On a Given Day: Comparing Natural and Artificial Clouds

By davedahl, May 26, 2015

It’s Memorial Day– May 25, 2015– and as is common along the California Coast, we have low clouds from the Ocean. It’s normal.

But even more common are the high clouds above…cirrus clouds spawned by jet aircraft.

How can we be sure jets made these clouds? As any skywatcher knows… just watch. Over a period of an hour or two you can observe the contrails from jet air traffic thicken and widen, merge together, and morph into various dusty shapes.

Today we watched a moderate-level contrail day cover around twenty percent of the sky– not much, relatively; on some days artificial clouds (“chemtrails”) cast a shadow over millions of square miles.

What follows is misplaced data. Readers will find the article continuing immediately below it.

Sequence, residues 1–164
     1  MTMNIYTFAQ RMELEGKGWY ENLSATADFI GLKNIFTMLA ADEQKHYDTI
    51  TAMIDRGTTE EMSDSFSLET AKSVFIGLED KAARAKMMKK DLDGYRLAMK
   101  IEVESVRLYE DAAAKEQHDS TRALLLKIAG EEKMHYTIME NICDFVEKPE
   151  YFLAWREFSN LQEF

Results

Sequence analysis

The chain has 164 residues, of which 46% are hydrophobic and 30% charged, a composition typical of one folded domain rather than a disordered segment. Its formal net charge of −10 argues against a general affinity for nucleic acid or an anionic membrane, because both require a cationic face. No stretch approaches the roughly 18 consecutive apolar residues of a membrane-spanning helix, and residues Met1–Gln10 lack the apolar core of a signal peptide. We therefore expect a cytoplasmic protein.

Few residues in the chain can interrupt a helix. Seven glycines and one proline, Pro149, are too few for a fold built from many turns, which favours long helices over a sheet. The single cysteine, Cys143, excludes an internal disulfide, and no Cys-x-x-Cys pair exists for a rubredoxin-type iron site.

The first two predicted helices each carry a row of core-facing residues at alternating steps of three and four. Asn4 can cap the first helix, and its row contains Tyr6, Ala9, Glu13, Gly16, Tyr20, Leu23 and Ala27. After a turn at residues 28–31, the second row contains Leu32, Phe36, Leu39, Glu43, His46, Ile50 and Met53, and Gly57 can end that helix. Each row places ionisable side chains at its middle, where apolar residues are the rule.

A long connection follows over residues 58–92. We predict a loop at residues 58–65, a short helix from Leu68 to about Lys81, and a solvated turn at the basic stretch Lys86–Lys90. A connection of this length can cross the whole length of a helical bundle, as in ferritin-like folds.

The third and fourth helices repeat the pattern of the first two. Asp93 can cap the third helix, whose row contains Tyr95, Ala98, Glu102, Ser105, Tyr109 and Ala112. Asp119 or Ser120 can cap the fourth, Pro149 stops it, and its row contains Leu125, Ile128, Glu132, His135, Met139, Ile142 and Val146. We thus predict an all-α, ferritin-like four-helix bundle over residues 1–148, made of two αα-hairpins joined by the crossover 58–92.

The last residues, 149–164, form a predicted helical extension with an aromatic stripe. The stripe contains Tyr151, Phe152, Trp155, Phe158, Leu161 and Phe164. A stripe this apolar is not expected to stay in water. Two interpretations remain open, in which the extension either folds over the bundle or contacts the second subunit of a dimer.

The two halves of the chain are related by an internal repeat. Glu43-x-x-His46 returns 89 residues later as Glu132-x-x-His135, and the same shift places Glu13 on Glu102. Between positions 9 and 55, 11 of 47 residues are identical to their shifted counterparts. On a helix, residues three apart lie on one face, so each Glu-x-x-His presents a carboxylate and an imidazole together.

For this to happen, enough condensation nuclei have to be present in the path of the aircraft to provide a substrate onto which the water can condense. Super-heated water vapor instantly freezes in the sub-zero temperatures at around 30,000 feet, creating expanding ice crystal clouds.

Notice that the higher clouds are brighter, mostly because they are reflecting more sunlight due to their higher altitude… up to about 40,000 feet. In addition, silver iodide added to the atmosphere makes jet-spawned clouds even brighter. (Silver iodide is made from silver nitrate, which is used in film due to its extreme photosensitivity, and potassium iodide). Even though the high, cirrus jet clouds appear to be very close to the lower clouds, they are actually much higher and much further away.

Contrails can also form without artificial condensation nuclei from weather modification activity. When humidity is high enough the moisture itself, in the form of ice crystals, provides the nuclei for cloud formation.

Read more